Geography, Science and National Identity: Scotland Since 1520

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Cambridge University Press, Oct 4, 2001 - History - 310 pages
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Charles Withers' book brings together work on the history of geography and the history of science with extensive archival analysis to explore how geographical knowledge has been used to shape an understanding of the nation. Using Scotland as an exemplar, the author places geographical knowledge in its wider intellectual context to afford insights into perspectives of empire, national identity and the geographies of science. In so doing, he advances a new area of geographical enquiry, the historical geography of geographical knowledge, and demonstrates how and why different forms of geographical knowledge have been used in the past to constitute national identity, and where those forms were constructed and received. The book will make an important contribution to the study of nationhood and empire and will therefore interest historians, as well as students of historical geography and historians of science. It is theoretically engaging, empirically rich and beautifully illustrated.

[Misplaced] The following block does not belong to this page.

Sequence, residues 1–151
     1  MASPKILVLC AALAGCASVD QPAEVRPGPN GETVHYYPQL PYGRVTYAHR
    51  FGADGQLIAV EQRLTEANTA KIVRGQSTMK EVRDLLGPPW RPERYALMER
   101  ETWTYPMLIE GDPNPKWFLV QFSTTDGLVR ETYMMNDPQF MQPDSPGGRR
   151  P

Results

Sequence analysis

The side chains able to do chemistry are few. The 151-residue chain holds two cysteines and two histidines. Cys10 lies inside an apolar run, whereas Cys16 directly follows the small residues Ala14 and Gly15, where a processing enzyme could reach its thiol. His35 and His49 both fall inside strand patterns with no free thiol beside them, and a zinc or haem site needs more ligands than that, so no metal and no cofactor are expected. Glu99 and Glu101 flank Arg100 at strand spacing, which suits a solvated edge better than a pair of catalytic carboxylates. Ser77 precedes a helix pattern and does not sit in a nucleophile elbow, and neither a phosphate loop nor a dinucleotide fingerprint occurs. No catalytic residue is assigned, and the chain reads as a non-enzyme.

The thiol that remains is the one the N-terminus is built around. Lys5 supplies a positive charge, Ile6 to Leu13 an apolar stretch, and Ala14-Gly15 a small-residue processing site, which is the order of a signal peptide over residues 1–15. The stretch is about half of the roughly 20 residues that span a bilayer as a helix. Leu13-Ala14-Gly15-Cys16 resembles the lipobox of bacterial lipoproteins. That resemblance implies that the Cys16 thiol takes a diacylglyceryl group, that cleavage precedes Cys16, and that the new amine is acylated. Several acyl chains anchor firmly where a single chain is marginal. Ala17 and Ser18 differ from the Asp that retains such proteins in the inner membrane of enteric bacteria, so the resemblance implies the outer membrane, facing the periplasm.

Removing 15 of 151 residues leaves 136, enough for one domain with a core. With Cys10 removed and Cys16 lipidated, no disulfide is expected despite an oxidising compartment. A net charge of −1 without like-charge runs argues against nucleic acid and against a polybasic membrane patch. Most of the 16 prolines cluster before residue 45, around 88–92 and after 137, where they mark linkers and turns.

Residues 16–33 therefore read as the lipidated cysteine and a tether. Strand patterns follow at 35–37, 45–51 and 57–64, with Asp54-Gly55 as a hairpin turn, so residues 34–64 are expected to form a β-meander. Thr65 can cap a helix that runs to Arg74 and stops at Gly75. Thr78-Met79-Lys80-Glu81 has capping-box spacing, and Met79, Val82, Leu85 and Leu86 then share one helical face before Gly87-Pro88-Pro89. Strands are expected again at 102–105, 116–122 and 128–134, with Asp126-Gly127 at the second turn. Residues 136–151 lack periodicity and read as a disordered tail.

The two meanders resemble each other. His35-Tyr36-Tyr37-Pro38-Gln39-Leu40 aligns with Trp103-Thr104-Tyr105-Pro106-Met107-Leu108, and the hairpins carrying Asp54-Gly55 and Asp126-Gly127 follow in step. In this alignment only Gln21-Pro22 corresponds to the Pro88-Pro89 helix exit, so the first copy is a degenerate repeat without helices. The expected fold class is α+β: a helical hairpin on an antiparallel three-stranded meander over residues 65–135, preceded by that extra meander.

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Contents

I
1
II
3
III
13
IV
24
V
30
VI
31
VII
40
VIII
52
XX
142
XXI
158
XXII
160
XXIII
172
XXIV
182
XXV
195
XXVI
198
XXVII
210

IX
56
X
61
XI
69
XII
70
XIII
84
XIV
96
XV
104
XVI
112
XVII
114
XVIII
119
XIX
134
XXVIII
225
XXIX
236
XXX
240
XXXI
245
XXXII
251
XXXIII
254
XXXIV
256
XXXV
263
XXXVI
303
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About the author (2001)

Charles W. J. Withers is Professor of Historical Geography at the University of Edinburgh. His publications include Geography and Enlightenment (1999), co-edited with David Livingstone.

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